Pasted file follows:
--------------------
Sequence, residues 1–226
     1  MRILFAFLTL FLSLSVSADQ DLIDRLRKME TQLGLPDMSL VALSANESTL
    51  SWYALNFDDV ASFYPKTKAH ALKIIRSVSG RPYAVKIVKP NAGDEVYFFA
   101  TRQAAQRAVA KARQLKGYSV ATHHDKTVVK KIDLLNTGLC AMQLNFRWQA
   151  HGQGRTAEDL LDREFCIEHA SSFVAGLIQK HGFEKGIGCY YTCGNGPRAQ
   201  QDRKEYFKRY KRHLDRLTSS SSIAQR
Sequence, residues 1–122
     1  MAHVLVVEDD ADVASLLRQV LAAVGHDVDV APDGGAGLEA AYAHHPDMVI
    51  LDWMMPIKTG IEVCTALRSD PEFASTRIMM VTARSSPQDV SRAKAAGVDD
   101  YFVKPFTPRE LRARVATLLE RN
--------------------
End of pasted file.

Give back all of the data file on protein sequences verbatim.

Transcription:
Sequence, residues 1–226
     1  MRILFAFLTL FLSLSVSADQ DLIDRLRKME TQLGLPDMSL VALSANESTL
    51  SWYALNFDDV ASFYPKTKAH ALKIIRSVSG RPYAVKIVKP NAGDEVYFFA
   101  TRQAAQRAVA KARQLKGYSV ATHHDKTVVK KIDLLNTGLC AMQLNFRWQA
   151  HGQGRTAEDL LDREFCIEHA SSFVAGLIQK HGFEKGIGCY YTCGNGPRAQ
   201  QDRKEYFKRY KRHLDRLTSS SSIAQR
Sequence, residues 1–122
     1  MAHVLVVEDD ADVASLLRQV LAAVGHDVDV APDGGAGLEA AYAHHPDMVI
    51  LDWMMPIKTG IEVCTALRSD PEFASTRIMM VTARSSPQDV SRAKAAGVDD
   101  YFVKPFTPRE LRARVATLLE RN